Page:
Beliefs or Facts?

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Our sentiment analysis around COVID-19 has revealed two groups on opposite ends of the political spectrum with similar beliefs and attitudes regarding its origins, risks, and government responses to the pandemic. The first group typically falls on the progressive side of politics, while the second aligns with the Republican base, Libertarians, and alt-right. Both are characterized by some or all of the following beliefs:

  • Vaccine hesitancy or resistance.
  • Acceptance of debunked conspiracy theories such as 5G as the cause or an accelerator of COVID-19.
  • COVID-19 escaped from a Chinese lab.
  • The death rate is exaggerated.
  • Lockdowns are an unwarranted curtailment of individual freedoms.

Each group has its variations. For example, the right-leaning group, believes a Democrat conspiracy is behind the COVID-19 ‘hoax’. The progressive group is generally hostile towards Big Pharma.

What both groups have in common are beliefs that are impervious to facts, exhibiting strong confirmation bias, that is the tendency to search for, interpret, favor, and recall information that confirms or support one’s prior personal beliefs or values [1]. This bias is reinforced by social media algorithms that filter content, creating bubbles of like-minded people and ideas.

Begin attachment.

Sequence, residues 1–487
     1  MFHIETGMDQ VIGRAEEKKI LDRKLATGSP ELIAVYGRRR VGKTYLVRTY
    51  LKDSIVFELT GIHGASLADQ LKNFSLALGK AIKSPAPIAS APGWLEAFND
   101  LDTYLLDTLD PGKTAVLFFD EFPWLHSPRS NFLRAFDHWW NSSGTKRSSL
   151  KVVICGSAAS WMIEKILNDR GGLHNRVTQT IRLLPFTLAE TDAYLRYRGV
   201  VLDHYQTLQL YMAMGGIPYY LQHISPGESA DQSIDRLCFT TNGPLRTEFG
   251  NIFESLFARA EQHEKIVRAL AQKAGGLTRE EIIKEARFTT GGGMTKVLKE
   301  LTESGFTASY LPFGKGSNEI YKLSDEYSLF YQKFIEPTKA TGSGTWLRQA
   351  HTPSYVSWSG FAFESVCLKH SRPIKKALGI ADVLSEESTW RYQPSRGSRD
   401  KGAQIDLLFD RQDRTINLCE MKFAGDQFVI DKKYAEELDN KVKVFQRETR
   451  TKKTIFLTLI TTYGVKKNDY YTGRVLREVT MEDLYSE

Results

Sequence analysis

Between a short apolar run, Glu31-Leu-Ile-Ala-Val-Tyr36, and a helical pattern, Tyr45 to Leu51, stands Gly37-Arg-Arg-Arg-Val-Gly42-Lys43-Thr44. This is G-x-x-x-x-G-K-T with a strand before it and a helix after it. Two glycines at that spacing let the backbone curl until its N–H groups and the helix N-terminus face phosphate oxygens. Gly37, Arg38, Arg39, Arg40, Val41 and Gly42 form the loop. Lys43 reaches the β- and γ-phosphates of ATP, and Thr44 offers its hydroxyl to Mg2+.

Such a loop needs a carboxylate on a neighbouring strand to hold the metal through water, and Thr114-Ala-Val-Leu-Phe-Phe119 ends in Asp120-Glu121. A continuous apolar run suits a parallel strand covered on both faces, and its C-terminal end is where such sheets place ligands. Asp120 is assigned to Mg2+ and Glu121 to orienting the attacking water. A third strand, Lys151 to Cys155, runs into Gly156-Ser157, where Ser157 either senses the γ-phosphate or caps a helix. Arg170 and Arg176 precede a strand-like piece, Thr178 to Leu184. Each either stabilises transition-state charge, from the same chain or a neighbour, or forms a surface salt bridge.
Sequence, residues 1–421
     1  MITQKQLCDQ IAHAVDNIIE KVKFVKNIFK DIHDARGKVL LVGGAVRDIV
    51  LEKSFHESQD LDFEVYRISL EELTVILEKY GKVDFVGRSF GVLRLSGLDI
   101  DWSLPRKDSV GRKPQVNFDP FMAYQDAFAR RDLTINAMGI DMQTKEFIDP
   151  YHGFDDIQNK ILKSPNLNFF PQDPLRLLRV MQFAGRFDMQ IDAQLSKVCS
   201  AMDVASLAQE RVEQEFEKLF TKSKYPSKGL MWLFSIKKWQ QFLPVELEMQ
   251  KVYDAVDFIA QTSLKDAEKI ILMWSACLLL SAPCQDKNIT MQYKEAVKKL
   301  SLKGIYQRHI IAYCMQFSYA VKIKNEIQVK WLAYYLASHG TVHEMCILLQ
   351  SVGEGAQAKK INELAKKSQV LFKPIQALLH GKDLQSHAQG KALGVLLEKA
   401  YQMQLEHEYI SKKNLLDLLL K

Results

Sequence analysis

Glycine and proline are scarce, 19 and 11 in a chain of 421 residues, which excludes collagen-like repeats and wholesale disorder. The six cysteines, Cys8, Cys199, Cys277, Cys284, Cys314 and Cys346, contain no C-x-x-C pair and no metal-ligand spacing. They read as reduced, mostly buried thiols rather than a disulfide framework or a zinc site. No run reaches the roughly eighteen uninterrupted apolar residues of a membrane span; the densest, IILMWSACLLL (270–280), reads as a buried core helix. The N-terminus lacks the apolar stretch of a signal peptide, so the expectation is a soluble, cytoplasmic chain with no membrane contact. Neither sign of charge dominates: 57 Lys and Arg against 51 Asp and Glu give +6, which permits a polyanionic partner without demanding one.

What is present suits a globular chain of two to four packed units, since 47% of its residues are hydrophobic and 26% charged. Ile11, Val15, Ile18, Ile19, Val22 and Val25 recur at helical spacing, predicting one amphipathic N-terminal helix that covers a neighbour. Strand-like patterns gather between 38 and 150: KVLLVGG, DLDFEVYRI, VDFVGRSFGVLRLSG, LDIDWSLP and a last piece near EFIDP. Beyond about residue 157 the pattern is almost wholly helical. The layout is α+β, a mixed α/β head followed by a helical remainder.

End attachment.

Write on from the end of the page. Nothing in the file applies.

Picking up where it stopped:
This is not a new concept. It clearly influences the political process, affecting perceptions of parties, candidates, and policies, limiting our ability to discuss the complex issues facing our society and economy. Disagreement is met with ad-hominem attacks and anger. In the case of COVID-19, these unshakable beliefs are impacting adherence to measures such as social distancing and wearing masks, and could limit the effectiveness of a vaccine if one is successfully developed. There should be open discussion about the safety of any rapidly developed vaccine, but it is likely that for many people objective facts won’t figure highly in that dialog.

As we move out of lockdowns and face a changed world, the Satya Foundation will be tracking the quality of discourse in social media, news comments, and forums, measuring the richness of discussion, empathy, and anger. Where we find openness and acceptance, we will share the enablers as widely as possible.


  1. Nickerson, Raymond S. (June 1998), “Confirmation bias: A ubiquitous phenomenon in many guises”, Review of General Psychology, 2 (2): 175–220


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